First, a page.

Image credit: Eliza Wolfson
Scientists at the University of Liverpool have identified a single genetic change in Salmonella that is playing a key role in the devastating epidemic of bloodstream infections currently killing around 400,000 people each year in sub-Saharan Africa.
Invasive non-typhoidal Salmonellosis (iNTS) occurs when Salmonella bacteria, which normally cause gastrointestinal illness, enter the bloodstream and spread through the human body. The African iNTS epidemic is caused by a variant of Salmonella Typhimurium (ST313) that is resistant to antibiotics and generally affects individuals with immune systems weakened by malaria or HIV.
In a new study published in PNAS, a team of researchers led by professor Jay Hinton at the University of Liverpool have identified a specific genetic change, or single-nucleotide polymorphism (SNP), that helps the African Salmonella to survive in the human bloodstream.
Hinton explained: "Pinpointing this single letter of DNA is an exciting breakthrough in our understanding of why African Salmonella causes such a devastating disease, and helps to explain how this dangerous type of Salmonella evolved."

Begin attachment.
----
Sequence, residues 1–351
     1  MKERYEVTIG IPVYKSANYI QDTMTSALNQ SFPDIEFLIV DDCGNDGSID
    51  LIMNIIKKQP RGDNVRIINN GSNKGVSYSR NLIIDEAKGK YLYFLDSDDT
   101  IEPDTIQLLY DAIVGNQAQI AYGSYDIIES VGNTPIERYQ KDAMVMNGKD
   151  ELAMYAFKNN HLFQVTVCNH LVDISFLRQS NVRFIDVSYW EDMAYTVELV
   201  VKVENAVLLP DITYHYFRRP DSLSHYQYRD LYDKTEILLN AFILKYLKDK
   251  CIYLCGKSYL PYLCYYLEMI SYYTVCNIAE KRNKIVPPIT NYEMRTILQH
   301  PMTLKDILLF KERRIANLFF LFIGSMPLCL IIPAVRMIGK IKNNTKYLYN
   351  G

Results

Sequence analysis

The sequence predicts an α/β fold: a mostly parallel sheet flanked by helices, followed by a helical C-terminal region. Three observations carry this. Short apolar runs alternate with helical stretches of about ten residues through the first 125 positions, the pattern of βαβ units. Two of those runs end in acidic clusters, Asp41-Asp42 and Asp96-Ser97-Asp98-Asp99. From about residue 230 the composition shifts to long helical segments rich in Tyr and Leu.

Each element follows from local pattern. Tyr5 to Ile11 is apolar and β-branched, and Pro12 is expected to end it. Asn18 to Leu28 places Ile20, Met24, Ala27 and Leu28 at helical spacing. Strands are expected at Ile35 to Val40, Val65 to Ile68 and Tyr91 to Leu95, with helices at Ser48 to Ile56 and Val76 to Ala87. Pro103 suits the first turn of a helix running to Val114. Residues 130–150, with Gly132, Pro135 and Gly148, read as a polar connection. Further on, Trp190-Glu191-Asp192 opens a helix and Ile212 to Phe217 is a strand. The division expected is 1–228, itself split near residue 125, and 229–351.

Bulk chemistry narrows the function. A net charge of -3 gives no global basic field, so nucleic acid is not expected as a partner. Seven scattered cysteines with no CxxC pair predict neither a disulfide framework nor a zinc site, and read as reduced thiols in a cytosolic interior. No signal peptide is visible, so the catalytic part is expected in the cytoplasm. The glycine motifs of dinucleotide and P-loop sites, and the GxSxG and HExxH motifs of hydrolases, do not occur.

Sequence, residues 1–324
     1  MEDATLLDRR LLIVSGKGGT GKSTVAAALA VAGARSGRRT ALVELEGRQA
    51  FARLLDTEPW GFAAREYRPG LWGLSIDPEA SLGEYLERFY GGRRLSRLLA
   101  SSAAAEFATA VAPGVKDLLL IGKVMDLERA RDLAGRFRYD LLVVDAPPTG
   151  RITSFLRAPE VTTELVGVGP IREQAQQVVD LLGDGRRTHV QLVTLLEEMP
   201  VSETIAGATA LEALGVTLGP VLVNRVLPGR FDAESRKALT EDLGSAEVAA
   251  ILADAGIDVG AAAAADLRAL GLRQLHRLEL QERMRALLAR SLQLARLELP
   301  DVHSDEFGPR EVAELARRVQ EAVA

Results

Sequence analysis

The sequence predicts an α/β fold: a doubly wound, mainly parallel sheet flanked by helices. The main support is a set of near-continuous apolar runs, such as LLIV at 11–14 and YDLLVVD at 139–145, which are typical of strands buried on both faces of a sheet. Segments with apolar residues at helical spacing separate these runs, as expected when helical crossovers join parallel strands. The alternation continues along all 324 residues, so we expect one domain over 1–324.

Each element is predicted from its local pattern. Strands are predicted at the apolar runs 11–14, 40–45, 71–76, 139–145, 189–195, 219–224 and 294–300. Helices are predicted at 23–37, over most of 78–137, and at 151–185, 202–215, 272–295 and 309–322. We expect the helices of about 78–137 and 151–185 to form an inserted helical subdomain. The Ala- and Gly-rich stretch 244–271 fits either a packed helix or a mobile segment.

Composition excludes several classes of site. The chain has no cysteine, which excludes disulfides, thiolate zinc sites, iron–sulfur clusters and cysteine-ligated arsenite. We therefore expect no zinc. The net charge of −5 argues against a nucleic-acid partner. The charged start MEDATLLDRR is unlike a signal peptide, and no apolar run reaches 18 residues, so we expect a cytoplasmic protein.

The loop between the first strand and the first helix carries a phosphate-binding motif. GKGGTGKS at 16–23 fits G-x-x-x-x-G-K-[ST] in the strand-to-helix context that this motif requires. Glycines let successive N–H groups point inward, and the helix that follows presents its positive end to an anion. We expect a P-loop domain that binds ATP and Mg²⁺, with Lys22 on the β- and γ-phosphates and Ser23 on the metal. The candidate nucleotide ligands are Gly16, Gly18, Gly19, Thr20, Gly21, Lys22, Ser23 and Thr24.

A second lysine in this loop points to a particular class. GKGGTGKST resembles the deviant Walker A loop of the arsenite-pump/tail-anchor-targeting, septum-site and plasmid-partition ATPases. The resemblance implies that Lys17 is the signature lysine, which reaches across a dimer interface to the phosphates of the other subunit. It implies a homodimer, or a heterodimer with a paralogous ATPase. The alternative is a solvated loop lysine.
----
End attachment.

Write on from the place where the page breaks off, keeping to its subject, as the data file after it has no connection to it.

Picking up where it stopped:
SNPs represent a change of just one letter in the DNA sequence and there are thousands of SNP differences between different types of Salmonella. Until now, it has been hard to link an individual SNP to the ability of bacteria to cause disease.
Using a type of RNA analysis called transcriptomics, the scientists identified SNPs that affected the level of expression of important Salmonella genes. After studying 1000 different SNPs, they found a single nucleotide difference that is unique to the African ST313 strain and causes high expression of a virulence factor called PgtE that prevents Salmonella being killed in the bloodstream.
The scientists then used an advanced genetic technique to switch the SNP found in the African strain to the version found in the type of Salmonella that causes food poisoning and gastroenteritis globally. Finally, they used an animal infection model to show that the bacteria with the altered SNP had lost their ability to cause disease.
Hinton added: "We've developed a new investigative approach to understand bacterial infection, which is the culmination of six years of work. This combination of genomics and transcriptomics could bring new insights to other important pathogens, and prepare us for future epidemics."
Professor Melita Gordon, a University of Liverpool clinician-scientist working in Malawi, who was involved in the project, said: "The ability of iNTS Salmonella strains to cause such serious disease leads to devastating and frequently fatal consequences for very young children, and for adults who may be the chief breadwinners in their homes and communities. We see iNTS disease placing an enormous burden on thinly-stretched local health facilities and hospitals in Malawi, particularly because diagnosis is difficult, and treatment options are limited. It is now urgent that a vaccine is developed to combat this dangerous infection."